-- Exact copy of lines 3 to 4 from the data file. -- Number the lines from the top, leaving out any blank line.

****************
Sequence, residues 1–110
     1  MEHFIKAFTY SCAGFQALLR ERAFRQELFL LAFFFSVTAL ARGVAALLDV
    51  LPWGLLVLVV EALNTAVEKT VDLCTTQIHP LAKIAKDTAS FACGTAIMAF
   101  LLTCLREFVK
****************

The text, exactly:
    51  LPWGLLVLVV EALNTAVEKT VDLCTTQIHP LAKIAKDTAS FACGTAIMAF
   101  LLTCLREFVK